We’ve been hearing for weeks about gas prices rising around the country.
The national average reached $3.909 today according to AAA’s Daily Fuel Gauge Report.
Michigan, with an average of $4.116, is more than 20 cents higher than the national average.
When we tweeted the new state and national gas prices on Wednesday, one of our Twitter friends asked why Michigan's average was higher.
The answer may be a combination of state taxes and delivery costs.
According to the April issue of Petroleum Marketing Monthly, Michigan’s gas taxes are around 19 cents a gallon, which is lower than the national average of 22.60 cents a gallon.
However, Michigan executes a 6% sales tax in addition to the 19 cent gas tax.
Comparably, Illinois has a similar gas tax (19 cents per gallon) and a slightly higher sales tax (6.25%), resulting in a slightly higher state average ($4.173 per gallon).
Iowa, on the other hand, has a higher gas tax (24 cents per gallon) but no additional sales tax, and comes in under the Michigan and national averages at $3.854 per gallon.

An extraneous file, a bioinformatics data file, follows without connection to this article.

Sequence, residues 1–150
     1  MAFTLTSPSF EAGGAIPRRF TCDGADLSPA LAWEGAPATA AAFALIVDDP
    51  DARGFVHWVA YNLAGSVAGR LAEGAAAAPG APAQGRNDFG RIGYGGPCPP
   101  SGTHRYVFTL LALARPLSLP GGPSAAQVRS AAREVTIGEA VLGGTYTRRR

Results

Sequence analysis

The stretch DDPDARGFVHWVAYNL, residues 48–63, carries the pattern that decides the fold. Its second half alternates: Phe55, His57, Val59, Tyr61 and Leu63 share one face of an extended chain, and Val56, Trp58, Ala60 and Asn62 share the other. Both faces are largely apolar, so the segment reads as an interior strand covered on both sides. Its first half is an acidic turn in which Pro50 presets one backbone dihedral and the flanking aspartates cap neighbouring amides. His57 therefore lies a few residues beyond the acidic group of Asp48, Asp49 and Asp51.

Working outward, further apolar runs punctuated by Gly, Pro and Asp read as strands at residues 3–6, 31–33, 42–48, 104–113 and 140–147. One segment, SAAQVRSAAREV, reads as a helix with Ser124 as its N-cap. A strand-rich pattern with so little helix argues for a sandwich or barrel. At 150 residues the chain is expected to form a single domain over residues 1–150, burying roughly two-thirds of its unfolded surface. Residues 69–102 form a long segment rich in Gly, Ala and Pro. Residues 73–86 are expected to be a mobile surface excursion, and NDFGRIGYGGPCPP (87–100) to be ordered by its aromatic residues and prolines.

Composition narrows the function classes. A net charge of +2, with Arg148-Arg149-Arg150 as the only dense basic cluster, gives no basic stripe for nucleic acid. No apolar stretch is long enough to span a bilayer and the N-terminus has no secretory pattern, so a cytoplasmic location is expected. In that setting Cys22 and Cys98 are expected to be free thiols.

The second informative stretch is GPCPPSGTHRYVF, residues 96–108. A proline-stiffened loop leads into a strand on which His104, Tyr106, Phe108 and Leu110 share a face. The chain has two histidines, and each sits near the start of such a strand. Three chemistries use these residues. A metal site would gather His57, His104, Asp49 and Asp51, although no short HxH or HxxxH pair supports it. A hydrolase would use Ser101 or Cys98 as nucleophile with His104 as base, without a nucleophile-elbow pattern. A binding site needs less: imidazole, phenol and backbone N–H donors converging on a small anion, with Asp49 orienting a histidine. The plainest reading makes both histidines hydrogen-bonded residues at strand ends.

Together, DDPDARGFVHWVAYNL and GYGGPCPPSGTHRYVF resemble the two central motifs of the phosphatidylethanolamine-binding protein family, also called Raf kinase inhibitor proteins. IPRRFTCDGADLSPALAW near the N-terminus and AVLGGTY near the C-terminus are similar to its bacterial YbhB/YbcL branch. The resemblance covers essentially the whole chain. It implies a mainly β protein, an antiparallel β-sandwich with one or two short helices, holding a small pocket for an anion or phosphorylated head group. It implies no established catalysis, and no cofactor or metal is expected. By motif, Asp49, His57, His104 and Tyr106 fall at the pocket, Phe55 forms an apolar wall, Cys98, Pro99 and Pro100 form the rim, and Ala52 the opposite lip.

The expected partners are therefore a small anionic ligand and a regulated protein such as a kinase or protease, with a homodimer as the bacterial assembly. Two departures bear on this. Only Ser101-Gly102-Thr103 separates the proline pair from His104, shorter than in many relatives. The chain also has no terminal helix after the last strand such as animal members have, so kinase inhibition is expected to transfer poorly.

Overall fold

In addition to state taxes, Michigan gas prices also reflect the fact that the state is at one end of a pipeline system that begins on the gulf coast.
Joanne Shore, the Team Leader of the Petroleum Division of the Energy Information Administration, says that although there are some closer refineries, much of Michigan’s gasoline arrives from refineries and refining centers on the gulf coast, including the PAD 3 Refinery.
Cross-country transport of the product can raise costs. And since Michigan is at the end of the delivery system, transportation costs are higher than they are for states positioned closer to the gulf coast, where much of America’s imported and domestic oil production enters the continental U.S.
The recent nationwide spike in gas prices is attributed to unrest in oil-producing countries like Libya and, more recently, to domestic refinery shutdowns caused by weather-related power outages in Texas, Alabama, and Pennsylvania.
-Brian Short, Michigan Radio Newsroom